*    Cost passed on to taxpayers. The cost to school districts is projected to reach $166 million nationwide over the next five years.  This year state lawmakers experienced a sticker shock when PARC and SBAC rolled out its new tests which were twice as expensive on the average -as were previous tests — $22 to $27 per test. With 67% of the Illinois’ local districts operating at a deficit, one study shows Common Core implementation could cost local school districts $773 million over the next seven years.

Do your own homework on Common Core in your school district(s). Don’t allow advocates to peg you as crazy.   Show up at local school board meetings and let your opinions be heard, also at PTA meetings. It is imperative that you take the time to find out how far along your school system is in adopting Common Core standards.

FOIAs are a good way to request information if a school district prefers to be secretive by being vague or in giving you the run around.  Also, most districts have a curriculum director for direct interaction about Common Core.  And by all means if you have children attending public schools (and even private schools) keep tabs on what and how they are being taught. Text books must be examined for bias and propaganda.

No where in our Constitution is education spelled out as to its structure and scope, for the Founders wanted nearly all aspects of our lives to be governed by those who were closest to us at the local or state level. Education does relates to the 10th Amendment as state’s rights issue. We cannot allow government to grab children early on, entering them first into a government program called Kindergarten, then continuing the molding until about age 20 when they are called to serve the State.

Opposition is growing against Common Core from the left, the right, and the middle in many states over concern about Common Core and its implementation, especially over the high-stakes standardized tests aligned to the Common Core State Standards.There is Common Core unrest in 17 states, Illinois is not among them, as noted in this post by Mercedes Schneider, a public school teacher, education activist, PhD.

Even two Democrat-led states, New York and Massachusetts — Blue States like Illinois — are showing signs of distancing themselves from the curriculum that the Obama administration is supporting in a big way. Will Illinois be next to turn on Common Core?  It is past time to take action that is really for the sake of our children, unlike  school districts who use the phrase “for the children” when appealing to taxpayers for additional funding.

Russian communist Vladimir Lenin knew the power of controlling the future by taking control of the school. He once said: ”Give me four years to teach the children and the seed I have sown will never by uprooted.”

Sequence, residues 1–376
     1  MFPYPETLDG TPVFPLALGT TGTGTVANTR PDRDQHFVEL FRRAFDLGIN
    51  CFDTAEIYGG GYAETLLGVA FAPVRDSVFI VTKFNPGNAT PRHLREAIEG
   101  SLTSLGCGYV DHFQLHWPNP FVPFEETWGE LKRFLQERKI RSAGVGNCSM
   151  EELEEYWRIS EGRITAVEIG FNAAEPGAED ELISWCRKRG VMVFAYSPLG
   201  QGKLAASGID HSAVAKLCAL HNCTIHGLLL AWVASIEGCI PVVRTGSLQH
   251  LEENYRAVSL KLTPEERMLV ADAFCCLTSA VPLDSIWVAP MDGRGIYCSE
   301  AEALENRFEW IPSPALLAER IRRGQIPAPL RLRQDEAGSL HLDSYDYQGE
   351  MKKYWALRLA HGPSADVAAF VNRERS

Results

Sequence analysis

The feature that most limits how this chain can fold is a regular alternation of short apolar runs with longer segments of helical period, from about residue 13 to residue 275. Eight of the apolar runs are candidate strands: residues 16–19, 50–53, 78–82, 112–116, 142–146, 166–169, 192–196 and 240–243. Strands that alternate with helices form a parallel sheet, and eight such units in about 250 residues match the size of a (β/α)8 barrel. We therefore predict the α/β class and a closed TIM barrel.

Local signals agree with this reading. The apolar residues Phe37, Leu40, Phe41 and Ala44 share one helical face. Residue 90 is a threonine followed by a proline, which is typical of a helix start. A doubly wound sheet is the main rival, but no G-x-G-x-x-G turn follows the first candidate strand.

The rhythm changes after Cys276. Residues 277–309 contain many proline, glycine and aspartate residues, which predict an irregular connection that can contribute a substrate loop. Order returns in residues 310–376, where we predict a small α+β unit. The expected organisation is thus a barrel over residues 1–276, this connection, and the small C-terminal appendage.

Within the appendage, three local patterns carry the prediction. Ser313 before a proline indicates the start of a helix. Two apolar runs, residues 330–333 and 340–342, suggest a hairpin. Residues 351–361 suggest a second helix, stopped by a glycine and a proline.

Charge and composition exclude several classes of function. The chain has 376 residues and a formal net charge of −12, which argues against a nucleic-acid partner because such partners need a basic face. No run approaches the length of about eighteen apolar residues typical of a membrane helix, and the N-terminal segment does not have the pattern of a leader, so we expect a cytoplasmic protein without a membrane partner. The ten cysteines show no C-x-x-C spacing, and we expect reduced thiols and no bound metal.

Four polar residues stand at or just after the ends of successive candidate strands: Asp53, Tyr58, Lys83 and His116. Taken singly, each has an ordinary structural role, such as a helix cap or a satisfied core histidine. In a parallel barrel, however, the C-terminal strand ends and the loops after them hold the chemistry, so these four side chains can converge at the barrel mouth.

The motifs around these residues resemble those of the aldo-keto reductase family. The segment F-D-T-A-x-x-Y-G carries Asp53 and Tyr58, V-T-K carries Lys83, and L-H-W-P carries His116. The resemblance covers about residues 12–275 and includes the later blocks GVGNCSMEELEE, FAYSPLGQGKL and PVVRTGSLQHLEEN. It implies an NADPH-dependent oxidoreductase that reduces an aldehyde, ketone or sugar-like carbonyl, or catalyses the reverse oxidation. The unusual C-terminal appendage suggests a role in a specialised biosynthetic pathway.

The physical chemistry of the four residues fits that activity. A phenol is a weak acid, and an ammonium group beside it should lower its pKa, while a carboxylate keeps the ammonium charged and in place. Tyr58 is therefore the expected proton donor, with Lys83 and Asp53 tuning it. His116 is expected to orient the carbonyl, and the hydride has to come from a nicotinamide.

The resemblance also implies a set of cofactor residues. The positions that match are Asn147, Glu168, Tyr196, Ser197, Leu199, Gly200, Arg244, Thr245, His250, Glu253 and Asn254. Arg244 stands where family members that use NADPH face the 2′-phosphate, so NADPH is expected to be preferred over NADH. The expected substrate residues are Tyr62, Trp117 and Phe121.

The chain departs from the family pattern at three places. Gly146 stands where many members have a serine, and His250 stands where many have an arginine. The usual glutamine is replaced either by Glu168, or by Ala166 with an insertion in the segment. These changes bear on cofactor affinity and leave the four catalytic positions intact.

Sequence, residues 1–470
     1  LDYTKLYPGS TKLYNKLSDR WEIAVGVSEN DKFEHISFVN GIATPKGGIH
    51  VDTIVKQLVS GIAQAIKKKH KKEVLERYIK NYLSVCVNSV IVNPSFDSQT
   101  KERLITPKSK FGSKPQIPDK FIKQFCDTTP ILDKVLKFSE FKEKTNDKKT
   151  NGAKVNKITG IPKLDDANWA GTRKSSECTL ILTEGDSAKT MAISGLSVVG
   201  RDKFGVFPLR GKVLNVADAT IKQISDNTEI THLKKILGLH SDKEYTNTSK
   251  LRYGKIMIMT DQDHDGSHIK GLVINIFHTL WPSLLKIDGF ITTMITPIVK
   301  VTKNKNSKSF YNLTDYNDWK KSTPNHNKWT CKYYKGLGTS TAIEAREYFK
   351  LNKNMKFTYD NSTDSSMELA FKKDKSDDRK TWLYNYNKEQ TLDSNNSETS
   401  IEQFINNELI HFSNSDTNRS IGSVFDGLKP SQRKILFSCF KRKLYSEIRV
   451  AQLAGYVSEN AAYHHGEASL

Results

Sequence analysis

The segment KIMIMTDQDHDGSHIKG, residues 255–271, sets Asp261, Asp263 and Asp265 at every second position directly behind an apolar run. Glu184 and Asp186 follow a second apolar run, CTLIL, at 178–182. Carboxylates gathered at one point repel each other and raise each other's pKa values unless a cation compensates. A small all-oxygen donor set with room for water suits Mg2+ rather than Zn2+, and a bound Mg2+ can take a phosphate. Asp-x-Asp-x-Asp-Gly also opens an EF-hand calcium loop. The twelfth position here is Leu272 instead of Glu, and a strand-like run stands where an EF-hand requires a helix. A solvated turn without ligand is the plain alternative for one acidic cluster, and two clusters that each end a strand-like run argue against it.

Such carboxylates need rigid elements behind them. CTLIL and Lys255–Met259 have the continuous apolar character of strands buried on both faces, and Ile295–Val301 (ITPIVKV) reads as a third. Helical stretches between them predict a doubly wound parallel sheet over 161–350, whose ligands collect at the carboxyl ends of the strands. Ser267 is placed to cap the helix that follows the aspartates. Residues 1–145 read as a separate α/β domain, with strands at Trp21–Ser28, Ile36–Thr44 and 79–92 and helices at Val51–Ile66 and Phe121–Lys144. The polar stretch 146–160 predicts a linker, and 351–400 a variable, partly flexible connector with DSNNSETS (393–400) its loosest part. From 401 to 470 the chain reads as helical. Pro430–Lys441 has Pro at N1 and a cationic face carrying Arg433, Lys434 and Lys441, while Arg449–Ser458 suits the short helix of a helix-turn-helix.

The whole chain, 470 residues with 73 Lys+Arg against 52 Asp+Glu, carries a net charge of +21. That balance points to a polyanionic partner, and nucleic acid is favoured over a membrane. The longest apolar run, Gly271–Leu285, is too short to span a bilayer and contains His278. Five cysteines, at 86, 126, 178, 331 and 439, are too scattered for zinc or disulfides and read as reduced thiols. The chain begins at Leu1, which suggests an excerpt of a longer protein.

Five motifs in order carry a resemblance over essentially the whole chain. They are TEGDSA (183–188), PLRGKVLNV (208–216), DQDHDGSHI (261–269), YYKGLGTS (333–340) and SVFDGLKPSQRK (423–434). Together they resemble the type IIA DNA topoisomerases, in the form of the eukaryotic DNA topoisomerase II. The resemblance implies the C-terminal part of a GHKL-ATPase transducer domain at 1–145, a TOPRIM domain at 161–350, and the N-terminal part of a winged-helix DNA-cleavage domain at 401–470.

Why Jaydon can't read

Comment from Australia

In the most recent international assessment of primary school literacy achievement - the Progress in Reading Literacy Study 2011 - Australian and New Zealand students were at the bottom of the rankings for English-speaking countries. One in four Year 4 students in Australia and New Zealand failed to achieve the international benchmark for literacy that allows good progress through school.

This is not a new problem. Other international assessments and national testing programs like NAPLAN show an entrenched proportion of students with low reading levels after four or more years of formal schooling. Millions of words have been written and billions of dollars have been spent on government programs trying to fix this problem, to no avail.

The one thing that has not been tried is the one thing most likely to work - effective, evidence-based reading instruction in every classroom. A robust body of scientific evidence finds that effective reading instruction has five essential components - phonemic awareness, phonics, fluency, vocabulary and comprehension. For early success in reading, these skills must be taught explicitly and systematically.

Numerous reviews, surveys and inquiries have found that teaching degrees in Australian universities are not preparing teachers sufficiently well in these reading instruction strategies, based on scientific evidence of 'what works.' Education academics often argue that there are other kinds of evidence, such as case studies, qualitative research and action research. Such studies can provide useful information, but cannot be considered in the same league as studies using scientific methodology and which provide measurable and replicable results.

Reliance on poor quality evidence is not confined to university education faculties; it also plagues government policy development. Literacy policy has been routinely undermined by a failure to understand that reading research, especially as it applies to the early years and for struggling readers, is a highly scientific and specific discipline. Generalist educators and bureaucrats do not have the expertise required to guide policy in this area.

The new Education Minister, Christopher Pyne, plans to establish an advisory committee to guide policy development. The committee will have a strong document to work from - the report of the 2005 National Inquiry into the Teaching of Literacy. Hopefully some of Australia's internationally-regarded reading experts will be called upon to finally put it into action.